When I was 5 or 6 years old (near the beginning of time itself), my parents took me and my brother out to get a snack. I heard my parents ordering chocolate eclairs and I freaked out. Something in my head told me that anything called an "eclair" must be really horrid. I started a rant about how I hated chocolate eclairs before I actually had a clue as to what they were. When I saw my parents and my brother scarfing down these wondeful treats I was to embarrassed to admit my error, so I had to continue my false dislike of eclairs. It was several years before I swallowed my pride (and a few eclairs). I hate that I missed out on them for all that time.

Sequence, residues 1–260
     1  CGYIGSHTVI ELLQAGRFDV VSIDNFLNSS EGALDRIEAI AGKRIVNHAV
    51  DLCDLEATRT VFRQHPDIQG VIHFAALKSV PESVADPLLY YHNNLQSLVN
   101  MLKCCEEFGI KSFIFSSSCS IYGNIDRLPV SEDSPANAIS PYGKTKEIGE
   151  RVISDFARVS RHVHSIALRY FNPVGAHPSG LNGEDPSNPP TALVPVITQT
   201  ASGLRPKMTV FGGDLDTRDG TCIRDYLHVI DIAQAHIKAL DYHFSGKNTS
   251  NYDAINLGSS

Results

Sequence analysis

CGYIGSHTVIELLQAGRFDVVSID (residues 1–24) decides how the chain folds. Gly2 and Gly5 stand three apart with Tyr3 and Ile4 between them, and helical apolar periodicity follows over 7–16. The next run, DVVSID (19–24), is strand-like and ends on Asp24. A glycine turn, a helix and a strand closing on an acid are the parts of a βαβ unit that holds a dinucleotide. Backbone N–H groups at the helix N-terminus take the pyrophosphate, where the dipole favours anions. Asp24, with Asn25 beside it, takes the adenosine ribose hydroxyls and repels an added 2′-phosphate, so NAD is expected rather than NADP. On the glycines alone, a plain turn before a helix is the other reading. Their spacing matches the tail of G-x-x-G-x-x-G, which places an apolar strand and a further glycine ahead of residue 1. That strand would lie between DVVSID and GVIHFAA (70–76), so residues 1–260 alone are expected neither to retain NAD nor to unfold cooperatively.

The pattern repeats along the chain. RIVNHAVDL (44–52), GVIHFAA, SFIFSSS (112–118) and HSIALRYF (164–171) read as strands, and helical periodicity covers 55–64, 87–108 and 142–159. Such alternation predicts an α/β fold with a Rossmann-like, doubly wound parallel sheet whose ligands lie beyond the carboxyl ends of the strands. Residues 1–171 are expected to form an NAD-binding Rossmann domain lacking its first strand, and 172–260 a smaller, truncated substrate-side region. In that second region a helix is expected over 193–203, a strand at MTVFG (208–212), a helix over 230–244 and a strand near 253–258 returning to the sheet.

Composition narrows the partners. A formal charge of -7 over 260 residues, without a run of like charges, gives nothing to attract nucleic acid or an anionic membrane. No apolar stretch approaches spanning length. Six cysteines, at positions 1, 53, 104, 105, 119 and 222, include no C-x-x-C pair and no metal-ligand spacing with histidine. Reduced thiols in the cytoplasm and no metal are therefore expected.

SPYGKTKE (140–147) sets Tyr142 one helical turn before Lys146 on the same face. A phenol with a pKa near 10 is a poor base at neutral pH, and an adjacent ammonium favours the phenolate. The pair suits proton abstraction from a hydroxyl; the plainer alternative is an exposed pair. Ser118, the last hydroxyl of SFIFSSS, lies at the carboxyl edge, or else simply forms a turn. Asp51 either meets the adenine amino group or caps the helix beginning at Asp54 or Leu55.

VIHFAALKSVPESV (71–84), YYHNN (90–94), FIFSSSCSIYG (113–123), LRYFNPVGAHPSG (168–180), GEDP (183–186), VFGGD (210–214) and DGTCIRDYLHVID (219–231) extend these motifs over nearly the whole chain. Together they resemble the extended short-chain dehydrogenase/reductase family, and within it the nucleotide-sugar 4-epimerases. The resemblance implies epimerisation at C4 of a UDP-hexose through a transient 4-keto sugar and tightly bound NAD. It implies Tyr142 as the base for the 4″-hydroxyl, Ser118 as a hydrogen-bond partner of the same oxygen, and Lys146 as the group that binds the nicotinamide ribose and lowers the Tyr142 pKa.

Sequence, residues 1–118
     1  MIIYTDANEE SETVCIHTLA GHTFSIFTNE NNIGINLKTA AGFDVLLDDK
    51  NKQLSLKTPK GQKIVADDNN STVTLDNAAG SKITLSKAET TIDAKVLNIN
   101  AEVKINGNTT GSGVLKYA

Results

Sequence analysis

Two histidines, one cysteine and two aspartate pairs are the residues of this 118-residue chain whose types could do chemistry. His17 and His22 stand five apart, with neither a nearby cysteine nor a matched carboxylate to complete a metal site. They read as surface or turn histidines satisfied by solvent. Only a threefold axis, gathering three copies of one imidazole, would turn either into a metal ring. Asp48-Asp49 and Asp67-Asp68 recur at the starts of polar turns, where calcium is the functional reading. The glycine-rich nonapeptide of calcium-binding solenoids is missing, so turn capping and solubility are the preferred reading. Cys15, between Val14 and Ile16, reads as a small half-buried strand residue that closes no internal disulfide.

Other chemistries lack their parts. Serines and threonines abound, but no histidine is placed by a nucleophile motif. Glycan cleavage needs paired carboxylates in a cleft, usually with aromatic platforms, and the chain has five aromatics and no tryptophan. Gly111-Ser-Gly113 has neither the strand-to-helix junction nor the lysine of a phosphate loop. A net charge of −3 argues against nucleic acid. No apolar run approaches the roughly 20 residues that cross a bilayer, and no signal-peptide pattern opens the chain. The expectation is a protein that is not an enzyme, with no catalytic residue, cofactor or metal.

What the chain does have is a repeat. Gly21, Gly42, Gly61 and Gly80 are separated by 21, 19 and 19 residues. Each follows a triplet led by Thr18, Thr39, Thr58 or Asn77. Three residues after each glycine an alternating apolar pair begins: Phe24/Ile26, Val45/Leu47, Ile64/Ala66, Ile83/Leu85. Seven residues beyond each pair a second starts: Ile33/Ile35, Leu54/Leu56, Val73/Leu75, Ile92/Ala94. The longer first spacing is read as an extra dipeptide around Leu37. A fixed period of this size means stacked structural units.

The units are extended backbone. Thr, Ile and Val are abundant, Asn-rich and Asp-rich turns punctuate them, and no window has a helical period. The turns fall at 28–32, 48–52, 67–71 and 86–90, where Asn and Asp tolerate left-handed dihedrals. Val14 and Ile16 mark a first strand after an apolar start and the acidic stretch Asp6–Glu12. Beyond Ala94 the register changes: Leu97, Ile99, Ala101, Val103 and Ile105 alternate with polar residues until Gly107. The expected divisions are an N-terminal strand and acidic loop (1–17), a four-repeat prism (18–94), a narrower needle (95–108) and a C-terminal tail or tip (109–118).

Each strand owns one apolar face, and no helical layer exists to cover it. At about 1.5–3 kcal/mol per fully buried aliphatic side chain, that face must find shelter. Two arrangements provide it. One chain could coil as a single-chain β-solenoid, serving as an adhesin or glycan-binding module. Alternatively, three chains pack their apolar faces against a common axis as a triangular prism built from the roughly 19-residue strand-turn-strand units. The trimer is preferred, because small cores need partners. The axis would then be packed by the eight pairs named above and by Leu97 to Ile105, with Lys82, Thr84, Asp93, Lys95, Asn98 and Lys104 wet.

Yes, but I don't want to go into details this early in the morning other than to link to the classic Carl Rose / E.B. White New Yorker cartoon which I think captures brilliantly the tendency of well-meaning parents to foist adult culinary experiences on children who aren't old enough to appreciate them.
What are the engineering and design challenges in creating successful IoT devices? These devices are usually small, resource-constrained electronics designed to sense, collect, send, and/or interpret data. Some of the devices need to be smart enough to act upon data in real time, 24/7. Are the design challenges the same as with embedded systems, but with a little developer- and IT-skills added in? What do engineers need to know? Rick Merritt talks with two experts about the tools and best options for designing IoT devices in 2016. Specifically the guests will discuss sensors, security, and lessons from IoT deployments.